And get someone to check on your home while you are away, if a problem is spotted early the damage could be much less.
  • Find the stop cock
    Before cold weather arrives, find your main stop cock and make sure you can turn it on or off. It's generally found underneath your kitchen sink. There should also be an access point for a stop cock outside your home (normally near your driveway) so if all else fails you can turn off the supply there.
  • Check the taps
    Repair any dripping taps and don't forget to insulate outside taps in your garden or garage (or turn off the water supply to them altogether).
  • Tell your insurer
    If you are planning a longer holiday over the winter period make sure you tell your insurer. Most standard policies don't cover you for standard perils like escape of water, burglary and theft if your home is unoccupied or unfurnished for a certain period of time. Aviva offers full cover for 60 days away, but you need to tell us if you are going away for longer!

If the worst happens:

  • If pipes have burst turn off the water at the main stop cock - by turning off the water you will reduce the amount of water which can escape and so minimise damage to your home. Switch off central heating and any other water heating installations at the same time to avoid further damage and open all taps to drain the system. Call your insurer as soon as possible.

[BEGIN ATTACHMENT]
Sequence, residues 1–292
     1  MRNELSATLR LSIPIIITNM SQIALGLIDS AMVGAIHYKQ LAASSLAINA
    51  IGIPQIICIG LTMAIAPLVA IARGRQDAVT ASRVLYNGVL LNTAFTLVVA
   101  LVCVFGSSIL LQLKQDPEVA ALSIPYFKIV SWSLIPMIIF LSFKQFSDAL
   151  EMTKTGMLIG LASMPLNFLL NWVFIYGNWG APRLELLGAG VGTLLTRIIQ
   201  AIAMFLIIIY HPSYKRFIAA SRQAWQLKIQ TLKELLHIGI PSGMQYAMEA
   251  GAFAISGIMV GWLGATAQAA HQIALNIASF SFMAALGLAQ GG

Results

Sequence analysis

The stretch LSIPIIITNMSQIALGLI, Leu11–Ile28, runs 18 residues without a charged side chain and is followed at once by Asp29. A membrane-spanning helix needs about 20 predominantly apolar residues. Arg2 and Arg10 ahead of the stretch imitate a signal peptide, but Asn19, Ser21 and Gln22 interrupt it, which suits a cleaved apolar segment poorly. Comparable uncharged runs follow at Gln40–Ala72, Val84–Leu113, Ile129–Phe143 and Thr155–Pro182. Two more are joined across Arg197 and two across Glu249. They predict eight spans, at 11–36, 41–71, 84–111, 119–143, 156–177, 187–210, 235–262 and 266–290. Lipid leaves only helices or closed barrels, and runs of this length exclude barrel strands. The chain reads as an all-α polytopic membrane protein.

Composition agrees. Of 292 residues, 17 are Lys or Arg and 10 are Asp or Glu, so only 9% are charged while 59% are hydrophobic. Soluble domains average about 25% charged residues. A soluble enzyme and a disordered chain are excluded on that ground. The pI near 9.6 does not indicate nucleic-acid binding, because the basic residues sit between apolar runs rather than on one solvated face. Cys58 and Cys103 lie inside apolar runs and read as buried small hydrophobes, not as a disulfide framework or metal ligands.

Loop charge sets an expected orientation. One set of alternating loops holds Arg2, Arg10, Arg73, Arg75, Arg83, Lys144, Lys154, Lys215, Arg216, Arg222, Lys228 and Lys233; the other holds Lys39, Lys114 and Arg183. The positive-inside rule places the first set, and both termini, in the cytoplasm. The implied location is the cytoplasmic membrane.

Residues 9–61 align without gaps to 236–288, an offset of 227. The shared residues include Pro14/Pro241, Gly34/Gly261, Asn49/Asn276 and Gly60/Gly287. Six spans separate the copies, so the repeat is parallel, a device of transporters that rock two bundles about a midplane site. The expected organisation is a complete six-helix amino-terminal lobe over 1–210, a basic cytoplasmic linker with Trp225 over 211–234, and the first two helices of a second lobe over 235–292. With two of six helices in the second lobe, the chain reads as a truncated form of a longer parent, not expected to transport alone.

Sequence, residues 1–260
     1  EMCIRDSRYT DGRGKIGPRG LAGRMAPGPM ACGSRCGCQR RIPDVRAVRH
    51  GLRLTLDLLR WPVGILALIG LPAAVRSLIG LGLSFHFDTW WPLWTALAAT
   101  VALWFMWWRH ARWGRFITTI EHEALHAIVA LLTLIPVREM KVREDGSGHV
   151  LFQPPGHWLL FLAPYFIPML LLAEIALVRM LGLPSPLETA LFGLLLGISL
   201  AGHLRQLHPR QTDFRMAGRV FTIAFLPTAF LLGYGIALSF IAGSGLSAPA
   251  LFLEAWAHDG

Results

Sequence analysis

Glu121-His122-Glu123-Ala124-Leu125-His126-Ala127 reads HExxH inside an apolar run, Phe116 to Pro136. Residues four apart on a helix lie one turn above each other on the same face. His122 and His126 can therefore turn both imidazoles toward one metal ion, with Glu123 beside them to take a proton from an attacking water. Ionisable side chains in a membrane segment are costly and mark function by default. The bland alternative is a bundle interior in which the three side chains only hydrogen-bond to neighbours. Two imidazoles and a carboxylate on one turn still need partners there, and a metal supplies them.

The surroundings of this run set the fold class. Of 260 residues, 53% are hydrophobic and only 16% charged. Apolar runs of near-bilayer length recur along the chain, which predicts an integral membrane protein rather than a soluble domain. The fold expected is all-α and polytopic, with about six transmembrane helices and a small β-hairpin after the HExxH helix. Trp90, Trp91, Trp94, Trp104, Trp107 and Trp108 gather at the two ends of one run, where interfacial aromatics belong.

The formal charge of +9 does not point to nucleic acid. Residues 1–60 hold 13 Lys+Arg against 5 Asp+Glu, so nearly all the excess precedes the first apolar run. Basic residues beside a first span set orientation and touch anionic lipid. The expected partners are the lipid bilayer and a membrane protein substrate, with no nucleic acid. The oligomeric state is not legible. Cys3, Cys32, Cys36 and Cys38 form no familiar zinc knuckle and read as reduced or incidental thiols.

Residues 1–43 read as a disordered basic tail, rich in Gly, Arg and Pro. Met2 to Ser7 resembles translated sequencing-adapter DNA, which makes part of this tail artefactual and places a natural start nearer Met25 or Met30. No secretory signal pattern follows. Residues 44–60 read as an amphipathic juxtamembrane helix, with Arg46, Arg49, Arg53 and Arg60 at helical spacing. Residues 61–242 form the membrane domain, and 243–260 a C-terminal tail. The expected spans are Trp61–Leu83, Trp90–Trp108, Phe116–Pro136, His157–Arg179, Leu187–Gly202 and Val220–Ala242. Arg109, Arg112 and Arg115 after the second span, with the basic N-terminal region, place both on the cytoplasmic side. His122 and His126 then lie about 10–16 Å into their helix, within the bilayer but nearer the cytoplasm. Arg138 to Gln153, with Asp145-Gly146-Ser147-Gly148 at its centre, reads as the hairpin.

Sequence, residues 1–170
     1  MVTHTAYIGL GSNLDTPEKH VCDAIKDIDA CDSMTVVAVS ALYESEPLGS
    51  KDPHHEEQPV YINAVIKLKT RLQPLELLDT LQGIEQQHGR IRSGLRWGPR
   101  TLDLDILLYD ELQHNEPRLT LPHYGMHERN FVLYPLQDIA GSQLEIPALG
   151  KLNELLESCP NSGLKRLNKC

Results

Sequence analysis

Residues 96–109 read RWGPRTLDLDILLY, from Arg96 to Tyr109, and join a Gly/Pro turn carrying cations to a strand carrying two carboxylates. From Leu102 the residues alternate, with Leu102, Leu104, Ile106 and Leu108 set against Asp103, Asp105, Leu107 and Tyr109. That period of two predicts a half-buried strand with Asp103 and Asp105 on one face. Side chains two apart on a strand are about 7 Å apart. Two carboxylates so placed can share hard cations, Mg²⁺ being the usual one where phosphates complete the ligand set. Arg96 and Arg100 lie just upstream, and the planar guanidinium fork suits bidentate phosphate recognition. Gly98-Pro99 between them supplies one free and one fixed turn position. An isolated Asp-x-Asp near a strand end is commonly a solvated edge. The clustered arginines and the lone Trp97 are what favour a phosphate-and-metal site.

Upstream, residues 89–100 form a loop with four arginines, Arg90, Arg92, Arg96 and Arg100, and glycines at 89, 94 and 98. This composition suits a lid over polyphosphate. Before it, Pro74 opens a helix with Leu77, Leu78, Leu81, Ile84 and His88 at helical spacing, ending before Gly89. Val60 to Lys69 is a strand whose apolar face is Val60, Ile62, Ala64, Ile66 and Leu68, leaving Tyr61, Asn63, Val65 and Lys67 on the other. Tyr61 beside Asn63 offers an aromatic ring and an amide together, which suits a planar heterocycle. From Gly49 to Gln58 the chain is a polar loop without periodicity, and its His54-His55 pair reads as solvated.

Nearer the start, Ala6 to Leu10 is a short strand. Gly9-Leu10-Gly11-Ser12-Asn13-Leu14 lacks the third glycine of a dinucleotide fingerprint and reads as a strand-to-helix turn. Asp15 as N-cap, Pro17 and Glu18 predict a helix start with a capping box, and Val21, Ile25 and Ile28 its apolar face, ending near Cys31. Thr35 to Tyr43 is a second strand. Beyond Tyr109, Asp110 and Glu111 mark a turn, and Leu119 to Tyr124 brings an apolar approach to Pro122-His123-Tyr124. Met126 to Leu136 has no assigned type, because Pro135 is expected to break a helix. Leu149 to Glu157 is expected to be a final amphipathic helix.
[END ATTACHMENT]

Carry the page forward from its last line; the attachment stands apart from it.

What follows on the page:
If you are a journalist and would like further information, please contact:
Rebecca Holmes, Aviva General Insurance press office on 01603 685177/07800 690731                                                                                                       

Notes to editors:

Aviva is one of the world's largest insurance groups* with 53 million customers worldwide and 46,000 employees.

Aviva’s main activities are long-term savings, fund management and general insurance, with worldwide total sales of £45.1 billion and funds under management of £379 billion*.

In the UK, Aviva takes care of its 19.2 million customers by helping them look after their future, protecting what’s important – from their health to their homes, their cars to their business – and saving for the future.

Aviva has a 10.5%** share of the UK life and pensions market and insures one in six homes and one in 10 cars in the UK. It is also one of the oldest UK insurers, with a heritage stretching back more than 300 years.

RAC, which is owned by Aviva, provides breakdown and insurance services for individuals and businesses and has around seven million customers.

Aviva is carbon neutral worldwide, and is ranked in the top 10% of socially responsible companies globally by the Dow Jones Sustainability World Index. In the UK, Aviva invested £3.8 million into local communities in 2009. Read our corporate responsibility report at

Aviva’s global Street to School programme is working in partnership with Railway Children in the UK to get children living on the streets back into education and everyday life. Find out more at

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* based on gross worldwide premiums at 31 December 2009
** Source: ABI data released August 2010